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Snow Words

Lots of winter words and phrases being with the word “snow.”  You can use them in a elision task to build phonological awareness skills.

For example:

Say “snowman” without saying “snow”:  man

Say “snowman” without saying “man”: snow

This is a good task for beginners because the answer will either always be “snow” or the word attached to “snow.”

Or you can try a syllable addition task.

For example:

Say “snow.”  Now add “man” to the end: snowman

Many phonological awareness idea books include this thematic task – so I cannot take full credit.  But I have already come up with a list of words for my readers, because everyone likes saving time!  This is best done in a small group or can even be done in one-one therapy.

I used to have the children think of as many words and two word phrases that began with snow as they could.  I gave them hints as needed.  I would draw the pictures and write the words as in the poster above.  Then we would begin the elision task using the words.  Often I had access to a dry erase board so I would draw the picture, then when we began the elision task, I would erase part of the word I wrote and redraw the new picture.  For example, I would change a snowman to a regular man.  It was very entertaining, especially because I do not draw very well.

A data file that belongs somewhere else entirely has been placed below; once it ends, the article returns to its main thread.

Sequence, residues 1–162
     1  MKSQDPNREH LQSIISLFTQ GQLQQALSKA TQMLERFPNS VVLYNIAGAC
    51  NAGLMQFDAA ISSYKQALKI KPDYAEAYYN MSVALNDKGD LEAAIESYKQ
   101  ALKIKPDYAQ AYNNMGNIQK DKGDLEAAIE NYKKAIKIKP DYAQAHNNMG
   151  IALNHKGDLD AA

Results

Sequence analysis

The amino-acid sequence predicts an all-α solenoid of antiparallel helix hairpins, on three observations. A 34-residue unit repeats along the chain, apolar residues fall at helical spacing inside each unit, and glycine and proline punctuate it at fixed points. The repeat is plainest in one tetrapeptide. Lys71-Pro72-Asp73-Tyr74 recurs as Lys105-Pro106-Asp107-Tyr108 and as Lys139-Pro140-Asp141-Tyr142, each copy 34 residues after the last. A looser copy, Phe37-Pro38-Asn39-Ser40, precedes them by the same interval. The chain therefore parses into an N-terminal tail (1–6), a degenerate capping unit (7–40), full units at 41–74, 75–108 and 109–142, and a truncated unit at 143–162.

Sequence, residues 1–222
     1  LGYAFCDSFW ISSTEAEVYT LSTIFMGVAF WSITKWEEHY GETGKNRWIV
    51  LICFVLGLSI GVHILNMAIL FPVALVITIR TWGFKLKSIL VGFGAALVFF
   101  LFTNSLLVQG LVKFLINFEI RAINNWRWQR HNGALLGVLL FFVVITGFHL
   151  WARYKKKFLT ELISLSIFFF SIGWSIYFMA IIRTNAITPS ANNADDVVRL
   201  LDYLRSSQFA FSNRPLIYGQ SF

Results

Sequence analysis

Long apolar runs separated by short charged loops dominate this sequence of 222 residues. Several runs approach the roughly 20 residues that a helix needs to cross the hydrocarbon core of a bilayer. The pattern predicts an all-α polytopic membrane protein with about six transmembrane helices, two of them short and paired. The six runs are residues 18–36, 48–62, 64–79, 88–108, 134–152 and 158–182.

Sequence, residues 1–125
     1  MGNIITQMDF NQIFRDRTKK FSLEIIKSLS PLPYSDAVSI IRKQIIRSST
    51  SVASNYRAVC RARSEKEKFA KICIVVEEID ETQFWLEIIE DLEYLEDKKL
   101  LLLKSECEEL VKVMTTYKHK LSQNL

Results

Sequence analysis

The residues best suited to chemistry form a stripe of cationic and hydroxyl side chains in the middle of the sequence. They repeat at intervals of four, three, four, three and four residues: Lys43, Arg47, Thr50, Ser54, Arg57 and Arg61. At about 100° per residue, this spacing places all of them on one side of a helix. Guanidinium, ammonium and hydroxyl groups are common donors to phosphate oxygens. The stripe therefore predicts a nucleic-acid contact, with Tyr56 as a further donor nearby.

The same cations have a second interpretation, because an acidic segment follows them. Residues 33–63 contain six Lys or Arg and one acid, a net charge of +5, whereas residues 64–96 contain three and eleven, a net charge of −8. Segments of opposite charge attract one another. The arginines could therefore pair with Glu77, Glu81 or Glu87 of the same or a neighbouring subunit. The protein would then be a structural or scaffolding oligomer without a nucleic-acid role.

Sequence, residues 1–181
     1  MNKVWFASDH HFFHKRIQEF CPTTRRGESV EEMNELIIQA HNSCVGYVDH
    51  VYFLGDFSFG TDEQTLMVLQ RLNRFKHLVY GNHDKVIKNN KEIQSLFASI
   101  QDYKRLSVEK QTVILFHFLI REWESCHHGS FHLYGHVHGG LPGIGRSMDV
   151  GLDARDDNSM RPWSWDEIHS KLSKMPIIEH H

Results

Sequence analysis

Here are some “snow” words and phrases my students and I came up with:

snow fort, snowman, snowbank, snowshoe, snowy, snow day, snow angle, snowball, snow pants, snow globe, snowfall, snowblower, snowmobile, snowstorm, snowbird, snowflake, snowdrift, snowplow, snow boots, snow hat, snowing, snow monster, snowboard, snow shovel, snow cone, snowed, snowmaker, snow leopard, show shower, snowsuit, snow tire, Snow White.


About Miss Dana's Games

I created this blog because I miss being a practicing clinician. Currently I am a Ph.D. student in Communication Sciences and Disorders. I have over 14 years experience working with children with speech and language disorders. I believe some of the best therapy can be done within the classroom, within small and large groups, and is meaningful because it is based on what the teacher is doing in the classroom. Here I hope to share many therapy ideas that are based on common classroom themes and can be done with small and large groups. If you are looking for more of an idea, check the tags at the bottom of the post as well as the search function. Comments and questions are welcome but I will delete anything rude or spammy.

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  1. Pingback: Spring and Pond Activities | Miss Dana's Games

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